Elsewhere, in the tomb of an individual known as Khety, researchers have found one of the most arresting images at Beni Hassan—a four-legged creature with the head of a bird. It has been the source of much scholarly discussion since Newberry first recorded it. “The Middle Kingdom tomb paintings at Beni Hassan cover almost two centuries,” says Hartwig, “and give specific details about birds, dogs, and human activities. In the artists’ attempts to reproduce many types of animal life, they also included composite creatures, like the falcon-headed canine, which was probably derived from myth.” The Egyptians often used this type of imagery to convey the complex nature of divine or demonic forces.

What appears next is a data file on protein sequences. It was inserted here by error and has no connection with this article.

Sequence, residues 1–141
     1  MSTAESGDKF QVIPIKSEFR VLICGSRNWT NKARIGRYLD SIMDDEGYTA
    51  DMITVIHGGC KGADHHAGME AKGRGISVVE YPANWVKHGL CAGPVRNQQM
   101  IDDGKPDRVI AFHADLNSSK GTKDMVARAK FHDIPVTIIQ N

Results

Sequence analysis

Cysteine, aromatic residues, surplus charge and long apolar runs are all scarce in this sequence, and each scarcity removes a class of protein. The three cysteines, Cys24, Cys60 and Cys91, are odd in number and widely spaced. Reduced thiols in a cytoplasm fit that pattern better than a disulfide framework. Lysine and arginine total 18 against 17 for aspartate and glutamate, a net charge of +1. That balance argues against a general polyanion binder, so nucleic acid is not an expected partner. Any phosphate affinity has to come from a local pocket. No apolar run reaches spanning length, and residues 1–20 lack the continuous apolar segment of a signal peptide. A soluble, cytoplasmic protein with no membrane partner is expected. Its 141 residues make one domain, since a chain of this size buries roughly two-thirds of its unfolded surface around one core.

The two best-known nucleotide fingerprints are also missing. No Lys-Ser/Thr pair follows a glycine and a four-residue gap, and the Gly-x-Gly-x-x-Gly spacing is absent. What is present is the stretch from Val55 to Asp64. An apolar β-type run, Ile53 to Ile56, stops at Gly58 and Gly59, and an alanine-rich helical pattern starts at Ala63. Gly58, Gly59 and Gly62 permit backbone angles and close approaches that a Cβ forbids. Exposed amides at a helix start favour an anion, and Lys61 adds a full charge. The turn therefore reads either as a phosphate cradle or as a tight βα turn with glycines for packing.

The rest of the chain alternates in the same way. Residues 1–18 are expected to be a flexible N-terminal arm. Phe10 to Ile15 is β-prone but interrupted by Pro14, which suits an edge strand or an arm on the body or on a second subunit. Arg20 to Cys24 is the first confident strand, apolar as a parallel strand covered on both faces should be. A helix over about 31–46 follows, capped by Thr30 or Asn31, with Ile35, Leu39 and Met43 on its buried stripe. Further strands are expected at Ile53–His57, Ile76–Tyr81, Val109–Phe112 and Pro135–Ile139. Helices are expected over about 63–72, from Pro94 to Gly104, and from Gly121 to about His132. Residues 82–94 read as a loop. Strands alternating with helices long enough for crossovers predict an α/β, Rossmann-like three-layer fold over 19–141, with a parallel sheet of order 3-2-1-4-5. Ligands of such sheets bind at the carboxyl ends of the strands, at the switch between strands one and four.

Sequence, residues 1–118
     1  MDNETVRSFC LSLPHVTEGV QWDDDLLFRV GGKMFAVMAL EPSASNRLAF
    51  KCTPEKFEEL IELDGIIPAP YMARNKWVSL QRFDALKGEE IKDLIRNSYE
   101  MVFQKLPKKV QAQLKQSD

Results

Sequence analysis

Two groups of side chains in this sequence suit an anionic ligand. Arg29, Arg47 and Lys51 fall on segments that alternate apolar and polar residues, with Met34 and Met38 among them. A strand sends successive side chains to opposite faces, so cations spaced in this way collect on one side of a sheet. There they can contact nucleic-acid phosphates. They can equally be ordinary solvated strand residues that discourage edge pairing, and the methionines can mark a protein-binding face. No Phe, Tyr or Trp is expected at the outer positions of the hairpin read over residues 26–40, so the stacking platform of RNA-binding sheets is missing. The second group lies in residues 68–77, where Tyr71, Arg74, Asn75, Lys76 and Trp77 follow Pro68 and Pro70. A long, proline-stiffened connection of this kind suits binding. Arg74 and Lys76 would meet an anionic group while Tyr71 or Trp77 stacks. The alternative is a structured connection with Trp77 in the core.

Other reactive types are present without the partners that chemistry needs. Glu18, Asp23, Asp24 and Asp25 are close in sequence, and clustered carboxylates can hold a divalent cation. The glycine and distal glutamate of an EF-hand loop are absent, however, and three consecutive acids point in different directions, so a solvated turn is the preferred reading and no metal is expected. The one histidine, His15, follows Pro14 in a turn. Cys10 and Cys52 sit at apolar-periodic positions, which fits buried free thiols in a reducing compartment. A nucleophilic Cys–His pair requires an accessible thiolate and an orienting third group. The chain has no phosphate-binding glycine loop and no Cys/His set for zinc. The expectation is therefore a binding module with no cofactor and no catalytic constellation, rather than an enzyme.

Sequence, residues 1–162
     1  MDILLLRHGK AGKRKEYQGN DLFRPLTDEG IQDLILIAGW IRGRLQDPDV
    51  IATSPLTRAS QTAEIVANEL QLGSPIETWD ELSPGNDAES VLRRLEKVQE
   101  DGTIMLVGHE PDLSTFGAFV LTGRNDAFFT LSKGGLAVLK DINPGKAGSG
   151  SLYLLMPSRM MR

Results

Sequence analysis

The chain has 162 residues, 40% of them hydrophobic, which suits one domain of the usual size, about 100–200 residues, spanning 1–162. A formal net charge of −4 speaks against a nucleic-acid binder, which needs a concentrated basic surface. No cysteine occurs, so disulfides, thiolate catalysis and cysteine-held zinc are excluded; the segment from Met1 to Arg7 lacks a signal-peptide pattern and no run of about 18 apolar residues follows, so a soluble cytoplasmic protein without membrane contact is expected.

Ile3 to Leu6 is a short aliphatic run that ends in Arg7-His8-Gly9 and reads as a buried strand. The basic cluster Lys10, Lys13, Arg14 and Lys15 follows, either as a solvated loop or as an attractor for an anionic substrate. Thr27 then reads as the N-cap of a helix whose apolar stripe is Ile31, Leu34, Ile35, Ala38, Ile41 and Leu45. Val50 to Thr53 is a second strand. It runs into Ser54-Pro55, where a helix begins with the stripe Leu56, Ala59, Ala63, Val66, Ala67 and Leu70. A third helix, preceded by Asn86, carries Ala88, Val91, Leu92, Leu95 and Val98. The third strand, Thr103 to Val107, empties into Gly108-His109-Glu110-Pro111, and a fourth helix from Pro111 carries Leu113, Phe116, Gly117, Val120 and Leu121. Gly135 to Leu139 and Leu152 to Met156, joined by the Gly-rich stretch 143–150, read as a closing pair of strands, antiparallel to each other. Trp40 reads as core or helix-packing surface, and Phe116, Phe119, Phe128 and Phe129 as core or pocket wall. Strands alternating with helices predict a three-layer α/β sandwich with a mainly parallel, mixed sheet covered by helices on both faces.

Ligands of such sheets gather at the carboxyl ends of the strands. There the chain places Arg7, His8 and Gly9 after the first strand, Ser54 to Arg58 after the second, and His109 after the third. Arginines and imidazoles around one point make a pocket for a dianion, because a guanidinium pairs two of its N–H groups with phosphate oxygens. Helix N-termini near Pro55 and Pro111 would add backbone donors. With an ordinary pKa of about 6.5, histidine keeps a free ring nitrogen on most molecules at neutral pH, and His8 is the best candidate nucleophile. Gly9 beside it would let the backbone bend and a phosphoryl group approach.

Taken as a whole, the tomb paintings have much to say about the variety of realms of ancient Egyptian existence and, at the same time, intimate some sense of an Egyptian cosmology. As Bashford puts it, “An image can be both what appears to us to be a scientific representation and simultaneously contain layers of symbolic meaning.” Going forward, researchers using far more advanced techniques than were available to Newberry aim to study the architectural, artistic, and administrative developments of Middle Kingdom Egypt.
Marley Brown is associate editor at ARCHAEOLOGY.